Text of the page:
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Robbie Tolan, 28, speaks about a U.S. Supreme Court ruling that ordered the 5th U.S. Circuit Court of Appeals to reconsider a lawsuit filed by him. In 2008, Tolan was shot by a police officer in Texas. / Toni Wilson

A U.S. Supreme Court ruling about a man shot by a Texas police officer is being hailed as a victory by some who think the shooting was racially motivated but as a simple procedural issue by others.

Last week, justices--in a unanimous decision--ordered the 5th U.S. Circuit Court of Appeals to reconsider a lawsuit filed by Robbie Tolan, a black man who was shot in front of his parents at the family's home in Bellaire, Texas. Tolan says the ruling means he will have a chance to argue before a jury that Sgt. Jeffrey Cotton, a white officer, racially profiled him and mistreated Tolan's family because of their races. However, an attorney for Cotton and the city says the case has nothing to do with race and will likely be dismissed by the appeals court without a jury trial.

"It's nothing more than racial profiling," says Robbie Tolan, 28, of the night when he was shot on the front porch of his home.

It's a claim that Tolan, the son of former major league baseball player, Bobby Tolan, and his family fiercely support. It's also one that has several experts pointing to the case as yet another example of the dangers of racial discrimination and stereotypes.

On Dec. 31, 2008 at about 2 a.m., Bellaire Police Officer John Edwards, saw Tolan and his cousin, Anthony Cooper, driving a black Nissan sports utility vehicle. Edwards decided to run the vehicle's license plate number. However, the officer put in the wrong plate number and mistakenly pulled up a stolen car.

Edwards, believing the vehicle was stolen, got out of his patrol car and pointed his gun at the two men. While Tolan and Cooper laid on the ground denying the accusation, Tolan's mother, Marian Tolan, and his father came out of their home. The parents, in their pajamas, told Edwards the car was a family vehicle. But, Edwards radioed for backup and told Tolan's mother to stand against her garage.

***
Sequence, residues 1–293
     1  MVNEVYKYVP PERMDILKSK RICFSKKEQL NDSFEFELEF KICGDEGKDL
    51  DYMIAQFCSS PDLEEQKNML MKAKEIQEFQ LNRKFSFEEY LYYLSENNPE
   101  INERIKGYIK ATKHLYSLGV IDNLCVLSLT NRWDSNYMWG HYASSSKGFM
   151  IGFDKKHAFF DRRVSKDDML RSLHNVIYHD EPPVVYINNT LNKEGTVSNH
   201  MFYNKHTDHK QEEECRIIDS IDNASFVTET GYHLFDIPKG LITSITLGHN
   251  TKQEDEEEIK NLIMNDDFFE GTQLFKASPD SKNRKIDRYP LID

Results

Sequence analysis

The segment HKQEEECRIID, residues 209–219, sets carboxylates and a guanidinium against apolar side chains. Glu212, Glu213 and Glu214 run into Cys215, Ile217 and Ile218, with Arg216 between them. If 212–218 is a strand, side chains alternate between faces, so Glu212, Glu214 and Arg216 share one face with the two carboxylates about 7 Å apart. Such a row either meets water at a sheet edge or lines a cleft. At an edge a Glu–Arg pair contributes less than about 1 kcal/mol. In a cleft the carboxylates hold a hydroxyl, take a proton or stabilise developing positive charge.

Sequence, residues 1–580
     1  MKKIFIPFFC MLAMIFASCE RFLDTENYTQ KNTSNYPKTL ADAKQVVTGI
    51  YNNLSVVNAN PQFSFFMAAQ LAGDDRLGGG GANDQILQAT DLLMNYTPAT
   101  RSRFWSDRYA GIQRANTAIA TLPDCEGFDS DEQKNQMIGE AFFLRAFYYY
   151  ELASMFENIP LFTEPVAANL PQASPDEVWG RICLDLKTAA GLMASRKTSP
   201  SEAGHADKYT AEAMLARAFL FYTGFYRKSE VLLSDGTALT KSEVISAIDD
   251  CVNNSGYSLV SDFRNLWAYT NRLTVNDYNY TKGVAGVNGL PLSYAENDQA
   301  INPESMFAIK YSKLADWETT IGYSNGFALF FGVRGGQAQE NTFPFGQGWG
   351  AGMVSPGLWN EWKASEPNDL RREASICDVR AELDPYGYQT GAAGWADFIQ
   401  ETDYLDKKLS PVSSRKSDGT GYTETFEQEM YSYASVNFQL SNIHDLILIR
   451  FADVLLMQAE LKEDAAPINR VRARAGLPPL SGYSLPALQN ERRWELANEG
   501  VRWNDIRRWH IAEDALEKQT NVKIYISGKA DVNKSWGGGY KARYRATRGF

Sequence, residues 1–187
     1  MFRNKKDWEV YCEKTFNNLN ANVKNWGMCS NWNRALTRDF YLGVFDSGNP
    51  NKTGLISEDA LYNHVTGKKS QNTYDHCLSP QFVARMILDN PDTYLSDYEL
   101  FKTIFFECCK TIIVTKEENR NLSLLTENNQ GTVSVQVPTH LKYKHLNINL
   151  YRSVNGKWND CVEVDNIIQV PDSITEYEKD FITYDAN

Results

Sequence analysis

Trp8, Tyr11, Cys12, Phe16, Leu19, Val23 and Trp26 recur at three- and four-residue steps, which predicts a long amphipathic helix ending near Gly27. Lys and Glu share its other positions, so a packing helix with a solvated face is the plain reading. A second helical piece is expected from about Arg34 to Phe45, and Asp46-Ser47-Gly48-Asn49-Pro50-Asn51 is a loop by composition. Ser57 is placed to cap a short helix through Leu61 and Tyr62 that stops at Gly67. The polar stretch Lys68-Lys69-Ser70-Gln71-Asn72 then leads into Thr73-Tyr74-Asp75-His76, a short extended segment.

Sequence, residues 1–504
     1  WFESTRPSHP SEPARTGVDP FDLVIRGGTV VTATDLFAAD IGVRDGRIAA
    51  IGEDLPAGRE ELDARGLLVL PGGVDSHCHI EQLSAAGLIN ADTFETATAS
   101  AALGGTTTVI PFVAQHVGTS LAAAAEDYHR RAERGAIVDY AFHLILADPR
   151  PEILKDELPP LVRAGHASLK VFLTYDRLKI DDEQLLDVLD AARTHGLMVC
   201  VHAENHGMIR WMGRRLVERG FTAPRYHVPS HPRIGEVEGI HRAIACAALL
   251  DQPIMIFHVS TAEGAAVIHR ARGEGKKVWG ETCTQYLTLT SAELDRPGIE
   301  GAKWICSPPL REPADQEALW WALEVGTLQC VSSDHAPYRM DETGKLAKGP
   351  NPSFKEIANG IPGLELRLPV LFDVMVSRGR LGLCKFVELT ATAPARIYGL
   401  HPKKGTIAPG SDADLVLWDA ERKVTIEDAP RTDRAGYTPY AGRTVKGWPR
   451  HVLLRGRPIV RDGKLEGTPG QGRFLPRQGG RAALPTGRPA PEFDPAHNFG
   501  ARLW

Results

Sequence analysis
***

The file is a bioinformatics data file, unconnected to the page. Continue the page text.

What happened next is a point of contention.

Robbie Tolan and his parents say Edwards pushed Marian Tolan against her garage and that her son was shot by Cotton as the young man, on his knees, protested the handling of his mother.

Edwards and Cotton say Robbie Tolan was shot while on his feet as his mother was being escorted to the garage.

What is clear is that Cotton was on the scene for about 40 seconds before firing three times at Robbie Tolan. Only one bullet--which remains lodged in his liver--hit him.

In 2010, a jury acquitted Cotton of any criminal wrongdoing. Still, Tolan's family believes the city and Cotton should be held civilly liable.

"They (officers) would have given a white family respect on their own property," Marian Tolan says. "The officers made the mistake and we have to pay for it."

Earlier judgements dismissed the Tolan family's civil lawsuit and forced them to pay more than $7,000 in legal fees for Cotton and the city, the mother says. Robbie Tolan's injury has also prevented him from following his father into major league baseball, the family says.

Benjamin Crump, an attorney for Trayvon Martin's parents, recently began representing the Tolan family as well.

"All this family wants is their day in court," Crump says. "We have to send a message to police when they act in this outrageous conduct. The law has to protect citizens whether they are black, white or Hispanic."